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ECB – Most likely done now

ZURICH | By UBS analysts | On 5 June, the ECB delivered a comprehensive monetary policy package, comprising cuts in the refi rate (from 0.25% to 0.15%), the deposit rate (from zero to -0.1%) and the marginal lending facility (from 0.75% to 0.4%). The ECB also rolled out the ‘full allotment mode’ – the commitment to supply unlimited liquidity (against adequate collateral) at the refi rate – from July 2015 to December 2016, and it will inject liquidity by ending the sterilisation of the Securities Markets Programme (SMP) portfolio. 

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European stock markets, harmed by US sluggish GDP

MADRID | By Francisco López | The first world power is doing worse than expected. USA’s GDP decreased in 1Q by 2.9% year on year, nearly three times the 1% foreseen just a month ago and far from 1.8% that Wall Street expected. European stock markets, unlike the American, reacted immediately with heavy losses. Spanish Ibex 35 leaded the way losing 1.25 and finished below 11,000 points.

Mark Cartney moonwalks from rates hike

MADRID | The Corner | After being accused to send mixed signals to the markets (one British MP even compared him to an unreliable boyfriend), Bank of England’s governor Mark Carney backed off and played down the chances of raising interest rates. After all, Bundesbank’s Jens Weidmann may be right: cheap money can be as addictive as a drug. 

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The euro goes negative

NEW YORK | By Dickson Buchanan Jr. via Truman Factor | The European Central Bank’s (ECB) decision to charge a negative interest on overnight deposits is not going to lead to a higher targeted inflation rate, despite ECB President Mario Draghi’s insistence that it will. Like all cases of central planning, this decision will have unintended and costly consequences – some of which are already starting to play out.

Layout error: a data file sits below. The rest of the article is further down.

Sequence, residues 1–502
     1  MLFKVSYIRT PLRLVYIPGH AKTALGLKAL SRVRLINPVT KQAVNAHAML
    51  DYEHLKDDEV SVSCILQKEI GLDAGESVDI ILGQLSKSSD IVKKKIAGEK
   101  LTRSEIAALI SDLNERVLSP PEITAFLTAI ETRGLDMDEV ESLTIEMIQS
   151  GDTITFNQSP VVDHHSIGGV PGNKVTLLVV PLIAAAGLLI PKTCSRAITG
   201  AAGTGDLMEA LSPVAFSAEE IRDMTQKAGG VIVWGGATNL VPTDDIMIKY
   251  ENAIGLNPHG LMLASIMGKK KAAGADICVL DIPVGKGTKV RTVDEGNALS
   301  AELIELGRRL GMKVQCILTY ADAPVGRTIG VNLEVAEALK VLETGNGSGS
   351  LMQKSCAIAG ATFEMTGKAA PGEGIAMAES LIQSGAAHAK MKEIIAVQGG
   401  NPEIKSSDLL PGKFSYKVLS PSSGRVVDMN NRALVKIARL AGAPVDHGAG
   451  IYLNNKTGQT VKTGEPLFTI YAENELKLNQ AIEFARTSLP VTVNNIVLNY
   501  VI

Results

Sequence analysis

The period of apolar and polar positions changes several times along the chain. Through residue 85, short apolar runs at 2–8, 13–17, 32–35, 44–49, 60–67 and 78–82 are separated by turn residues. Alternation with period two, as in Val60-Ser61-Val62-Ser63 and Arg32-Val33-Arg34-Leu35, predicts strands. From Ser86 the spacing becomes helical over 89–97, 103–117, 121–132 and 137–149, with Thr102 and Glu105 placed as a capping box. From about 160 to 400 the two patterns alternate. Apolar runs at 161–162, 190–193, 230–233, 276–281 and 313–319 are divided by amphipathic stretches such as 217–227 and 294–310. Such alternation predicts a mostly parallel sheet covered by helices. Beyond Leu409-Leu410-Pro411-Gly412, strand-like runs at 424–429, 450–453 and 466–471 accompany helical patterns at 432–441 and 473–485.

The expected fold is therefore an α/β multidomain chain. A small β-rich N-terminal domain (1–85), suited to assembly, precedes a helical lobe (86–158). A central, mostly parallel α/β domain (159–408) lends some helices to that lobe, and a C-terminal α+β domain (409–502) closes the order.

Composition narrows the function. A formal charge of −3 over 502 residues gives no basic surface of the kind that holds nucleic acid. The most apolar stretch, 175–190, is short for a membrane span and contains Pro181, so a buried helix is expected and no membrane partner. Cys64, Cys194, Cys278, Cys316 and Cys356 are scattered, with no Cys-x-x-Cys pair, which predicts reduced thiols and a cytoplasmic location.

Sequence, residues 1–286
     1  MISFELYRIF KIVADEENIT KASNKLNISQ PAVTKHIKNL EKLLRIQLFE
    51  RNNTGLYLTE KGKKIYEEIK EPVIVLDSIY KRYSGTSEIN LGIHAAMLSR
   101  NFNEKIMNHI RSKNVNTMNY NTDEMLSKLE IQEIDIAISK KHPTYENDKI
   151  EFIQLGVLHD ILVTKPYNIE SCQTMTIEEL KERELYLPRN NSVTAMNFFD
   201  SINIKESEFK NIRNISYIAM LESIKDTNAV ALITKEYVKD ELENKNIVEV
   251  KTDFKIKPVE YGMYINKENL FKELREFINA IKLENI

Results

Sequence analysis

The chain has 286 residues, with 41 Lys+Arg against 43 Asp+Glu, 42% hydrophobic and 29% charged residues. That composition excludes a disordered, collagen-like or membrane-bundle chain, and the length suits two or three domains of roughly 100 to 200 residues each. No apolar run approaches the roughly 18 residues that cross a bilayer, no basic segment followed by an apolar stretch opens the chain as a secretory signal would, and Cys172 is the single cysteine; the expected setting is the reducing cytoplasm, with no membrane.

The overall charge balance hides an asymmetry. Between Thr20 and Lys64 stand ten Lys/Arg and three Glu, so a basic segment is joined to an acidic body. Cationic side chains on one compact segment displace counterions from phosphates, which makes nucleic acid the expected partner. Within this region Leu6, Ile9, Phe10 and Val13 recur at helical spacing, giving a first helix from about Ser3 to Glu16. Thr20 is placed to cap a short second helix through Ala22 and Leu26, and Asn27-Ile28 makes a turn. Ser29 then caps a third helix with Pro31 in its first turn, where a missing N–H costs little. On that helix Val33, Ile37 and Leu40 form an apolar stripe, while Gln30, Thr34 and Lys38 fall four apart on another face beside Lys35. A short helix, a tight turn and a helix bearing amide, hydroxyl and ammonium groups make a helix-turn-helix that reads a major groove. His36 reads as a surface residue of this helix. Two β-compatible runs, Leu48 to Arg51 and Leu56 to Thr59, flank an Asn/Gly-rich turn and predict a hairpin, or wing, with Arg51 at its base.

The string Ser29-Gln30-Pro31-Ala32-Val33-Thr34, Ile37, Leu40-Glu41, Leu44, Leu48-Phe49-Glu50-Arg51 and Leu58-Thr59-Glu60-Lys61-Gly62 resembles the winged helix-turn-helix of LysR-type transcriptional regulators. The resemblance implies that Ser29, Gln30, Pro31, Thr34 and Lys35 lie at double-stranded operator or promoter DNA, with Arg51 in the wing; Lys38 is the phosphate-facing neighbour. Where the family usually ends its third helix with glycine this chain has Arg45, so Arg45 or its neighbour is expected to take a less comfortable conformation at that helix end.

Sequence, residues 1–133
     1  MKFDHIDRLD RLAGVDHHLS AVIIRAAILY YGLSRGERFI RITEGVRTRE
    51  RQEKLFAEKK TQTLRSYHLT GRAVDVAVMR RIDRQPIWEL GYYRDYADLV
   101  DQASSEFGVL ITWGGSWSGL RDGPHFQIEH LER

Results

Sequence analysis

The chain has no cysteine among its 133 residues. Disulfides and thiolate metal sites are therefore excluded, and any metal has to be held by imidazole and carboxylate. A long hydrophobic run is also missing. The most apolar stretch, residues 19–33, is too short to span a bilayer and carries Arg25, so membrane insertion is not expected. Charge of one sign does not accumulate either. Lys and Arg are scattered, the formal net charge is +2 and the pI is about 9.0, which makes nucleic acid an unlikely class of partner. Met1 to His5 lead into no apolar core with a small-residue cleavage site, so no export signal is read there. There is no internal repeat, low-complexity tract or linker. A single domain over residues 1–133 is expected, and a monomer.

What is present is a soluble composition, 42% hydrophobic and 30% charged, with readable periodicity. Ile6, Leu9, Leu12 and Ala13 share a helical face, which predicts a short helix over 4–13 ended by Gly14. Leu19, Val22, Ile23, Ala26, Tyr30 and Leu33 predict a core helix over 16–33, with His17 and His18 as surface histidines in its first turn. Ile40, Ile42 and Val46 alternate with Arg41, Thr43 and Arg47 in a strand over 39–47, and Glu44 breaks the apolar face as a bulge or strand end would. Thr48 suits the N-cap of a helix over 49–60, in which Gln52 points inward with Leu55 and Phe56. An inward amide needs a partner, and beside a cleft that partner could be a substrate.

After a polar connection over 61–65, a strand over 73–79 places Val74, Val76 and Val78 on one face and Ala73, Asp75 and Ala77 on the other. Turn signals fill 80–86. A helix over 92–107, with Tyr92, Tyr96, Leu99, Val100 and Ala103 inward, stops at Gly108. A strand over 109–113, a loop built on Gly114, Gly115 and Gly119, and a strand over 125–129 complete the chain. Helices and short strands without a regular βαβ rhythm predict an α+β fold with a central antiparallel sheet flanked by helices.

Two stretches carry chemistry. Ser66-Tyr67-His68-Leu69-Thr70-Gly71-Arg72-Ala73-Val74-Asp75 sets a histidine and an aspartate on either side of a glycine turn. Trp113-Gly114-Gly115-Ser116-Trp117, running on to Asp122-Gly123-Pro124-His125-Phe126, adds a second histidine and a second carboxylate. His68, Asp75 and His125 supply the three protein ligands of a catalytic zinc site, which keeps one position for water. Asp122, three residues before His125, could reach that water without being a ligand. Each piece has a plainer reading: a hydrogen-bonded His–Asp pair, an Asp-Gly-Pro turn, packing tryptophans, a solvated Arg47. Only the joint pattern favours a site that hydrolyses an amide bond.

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Draghi will have to do more than lowering interest rates

MADRID | By The Corner | Head of economic analysis at Link Securities Juan José F. Figares explains that if the ECB only reduces interest rates (i.e. intervention and deposit rates), stock markets will plummet since investors’ expectations will not be fulfilled.  Should the central bank activate a new conditioned LTRO and open the door to a new asset purchase program, he adds that markets will react neutrally first and then, they will become positive. Note that the Eurozone’s GPD grew only by 0.2% in the 1Q14, according to the Eurostat.

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European Hunger Games: The Threat of Importing Deflation From Emerging Markets

By David Denton via The Richter Scale | For anyone who was growing up in the 1970s there is a short list of things that one has to be concerned about:  The music of The Bay City Rollers, the instant pudding – “angel delight”, playing rugby against the Welsh and inflation. Although the oil price shocks affected all industrialised economies inflation had a particularly severe impact on the UK, we quickly became known as the sick man of Europe.

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Interest rate moves are out of sync with inflation, what next?

LONDON | By Michael Gavin at Barclays | The 2013 sell-off in interest rates in the global currency areas has been driven entirely by perceptions that economic activity is on course to continue its recovery; inflationary pressures have been conspicuous only for their absence in all major currency areas except Japan, where the (still limited) pressure is welcome. This likely explains why equity markets in the advanced economies were so resilient to the backup in US and global rates and why the brunt of the 2013 bond sell-off was borne largely by the long end of the curve.

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How to call fear of bubbles? Paranoia maybe?

MADRID | By Luis Arroyo | The shadow of deflation looming over the euro zone economy have seemingly gone away on Friday. The statistical office Eurostat anticipated an estimated 0.9% yearly inflation rate, two percentual points under last October registers. However, being afraid of deflation is not a nonsense because next banking recapitalisation points that credit is to tighten.

Central banks’ tightening: Learning to live without $33 trillion

WASHINGTON | By Pablo Pardo | The party is about to end. It is a party that has lasted six years. According to Bank of America/Merrill Lynch, during that time, the approximately 173 central banks that exist worldwide have lowered interest rates 520 times and pumped in approximately $33 trillion into the world through different mechanisms, some of them extremely unconventional.